• 22. PROFILING THE SKILLS OF GOVERNMENT INNOVATORS April 2017 Core skills for public sector innovation: a beta model 22 To develop our model of core skills for public sector innovation, with the help of Nesta we have interviewed public officials leading innovation teams and labs from a variety of OECD countries. The purpose of these interviews was to better understand the skills and competencies officials in the public sector deem critical to their job, and to explore the relationship between these roles and public sector innovation. In particular, Nesta’s work focussed on interviewing two key groups of innovation specialists, data-led and design-led innovators, for their particular innovation methods and approaches in changing the practice of government, and for their ability to provide capabilities not always found in more traditional civil service roles. The results of these interviews have been used to produce 8 “skills profiles”, which provide a summary of the skills, competencies and backgrounds of a number of the different interviewees that have been involved in the research to generate the model of core skills for public sector innovation. 1. Profile Role: All profiles are categorised by the role they have within the public sector. 2. Quote: This quote has been pulled from the participant interview, often a key point made by the participant. 3. Key Duties: These cover what the main duties and responsibilities were for the role. 4. Added value demonstrated in practice: how the participants believed their skills support innovation in the public sector 5. Competencies: competencies described by the participants, which they believed supported innovation to occur in their practice. 6. Broader competency grouping: initial grouping of individual competencies (5) into common themes. 7. Abilities and Motivations: learned skills, techniques and expertise, as well as the motivations described by the participant. 8. Experiences and Inspirations: education, learning, life events and previous work experiences of the participant.
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  • 31. EXPLORING ATTITUDES TO AND EXPERIENCES OF USING INNOVATION SKILLS IN AN ORGANISATION April 2017 Core skills for public sector innovation: a beta model 31 Throughout our interviews and workshops to gather information on the topic of skills for public sector innovation, participants have referenced various barriers to making use of innovation skills, be they institutional issues (such rules and procedures), culture and leadership, or their own personal reluctance to use these skills. Therefore, providing a model of innovation skills, and highlighting the profiles of a selection of innovators will not in itself result in a wider adoption of innovation skills. As a result, the OECD has developed a prototype workshop format that organisations can use to familiarise staff with the skills model, explore concerns, motivations, barriers and enablers. This workshop format has been initially tested with public sector officials who attended an OECD-led session at the Brazilian government’s public sector innovation week in September 2016. The workshop format provides a structured way for organisations to explore the various issues and opportunities presented by each of the six core skills for public sector innovation. The completed activity sheets and outputs from group discussions then act as a resource to inform further thinking and activity on implementing innovation skills.
  • 32. The workshop is organised around two activity sheets, the first will look at participants own views and experiences about innovation skills, while the second identifies enablers and barriers within the organisation. The workshop should be set up for a group of 4 to 6 participants to discuss one of the six skills areas - you should have at least three groups so that you can discuss a range of innovation skills. The workshop should begin with a short introductory presentation that provides an overview of all six of the core skills. The first activity sheet has two parts:  A ‘temperature check’ activity where participants rate where how well they think they understand the skill, how well they think their colleagues understand it, and how ready their organisation is to make use of the skill in its usual way of doing things.  Four questions for discussion to extract participants’ own views and experiences of the particular innovation skill. The first two questions cover where the skill is currently being used and where else it could be used, to identify practice and potential opportunities. The second two questions ask about participants’ feelings to identify what they like about the particular skillset and what worries them about using it. April 2017 Core skills for public sector innovation: a beta model 32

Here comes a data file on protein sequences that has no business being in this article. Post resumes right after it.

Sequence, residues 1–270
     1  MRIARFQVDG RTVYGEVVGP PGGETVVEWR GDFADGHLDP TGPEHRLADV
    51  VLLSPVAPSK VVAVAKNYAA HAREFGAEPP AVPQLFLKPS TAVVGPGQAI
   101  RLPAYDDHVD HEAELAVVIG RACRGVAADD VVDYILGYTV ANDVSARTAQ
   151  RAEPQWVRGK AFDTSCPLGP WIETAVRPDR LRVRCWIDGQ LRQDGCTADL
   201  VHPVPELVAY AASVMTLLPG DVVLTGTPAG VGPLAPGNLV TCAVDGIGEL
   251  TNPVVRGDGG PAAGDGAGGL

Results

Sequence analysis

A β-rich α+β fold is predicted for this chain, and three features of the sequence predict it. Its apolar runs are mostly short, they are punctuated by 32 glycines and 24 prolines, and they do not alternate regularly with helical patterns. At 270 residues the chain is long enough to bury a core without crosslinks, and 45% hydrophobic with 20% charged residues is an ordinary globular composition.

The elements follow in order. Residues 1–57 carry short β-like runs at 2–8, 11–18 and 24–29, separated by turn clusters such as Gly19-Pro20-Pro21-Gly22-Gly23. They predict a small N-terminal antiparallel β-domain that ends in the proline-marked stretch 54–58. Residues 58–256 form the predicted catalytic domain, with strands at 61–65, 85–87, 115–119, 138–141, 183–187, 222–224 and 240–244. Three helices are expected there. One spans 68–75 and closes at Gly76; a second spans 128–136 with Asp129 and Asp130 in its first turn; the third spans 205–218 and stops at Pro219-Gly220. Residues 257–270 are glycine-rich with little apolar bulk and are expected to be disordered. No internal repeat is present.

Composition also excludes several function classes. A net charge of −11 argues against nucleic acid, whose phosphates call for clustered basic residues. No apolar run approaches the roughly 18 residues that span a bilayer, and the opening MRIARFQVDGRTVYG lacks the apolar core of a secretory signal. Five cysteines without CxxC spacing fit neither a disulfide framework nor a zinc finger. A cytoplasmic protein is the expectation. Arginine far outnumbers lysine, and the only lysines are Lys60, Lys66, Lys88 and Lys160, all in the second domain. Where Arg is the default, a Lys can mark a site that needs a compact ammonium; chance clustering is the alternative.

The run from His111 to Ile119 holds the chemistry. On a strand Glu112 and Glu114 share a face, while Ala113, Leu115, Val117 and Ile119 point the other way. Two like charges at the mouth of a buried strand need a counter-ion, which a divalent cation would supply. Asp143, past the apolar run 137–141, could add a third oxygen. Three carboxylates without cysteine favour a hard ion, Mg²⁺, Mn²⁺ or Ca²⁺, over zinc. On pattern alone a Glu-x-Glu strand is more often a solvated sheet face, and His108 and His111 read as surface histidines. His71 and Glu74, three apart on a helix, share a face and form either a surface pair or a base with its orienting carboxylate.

• 33. After feedback from each group and a discussion about issues and topics raised the workshop moves on to the second activity sheet. The second activity sheet is organised around three different colleague personas, so that participants can explore issues associated with putting innovation skills into practice:  First, a colleague that doesn’t think using innovation skills is necessary – participants should identify what arguments this type of person might put forward about why we don’t need to use these skills.  Second, a colleague that is interested in using innovation skills but is worried about using them – participants should consider what this person’s manager might say to them to encourage them to use innovation skills.  Third, a colleague that has tried to use these innovation skills but run into difficulties. For this colleague, participants will do two things, first identify what barriers might this colleague run into if they were in your organisation, secondly what enablers/quick-wins could be suggested to overcome these barriers. A second round of group feedback and discussion can allow participants to identify common themes and issues specific to particular skills. April 2017 Core skills for public sector innovation: a beta model 33
  • 34. The Observatory of Public Sector Innovation collects and analyses examples and shared experiences of public sector innovation to provide practical advice to countries on how to make innovation work. This project has received funding from the European Union's Horizon 2020 research and innovation programme under grant agreement No 671526. This document and any map included herein are without prejudice to the status of or sovereignty over any territory, to the delimitation of international frontiers and boundaries and to the name of any territory, city or area. http://oe.cd/opsi This work is licenced under the terms of the Creative Commons Attribution- ShareAlike 3.0 IGO Licence.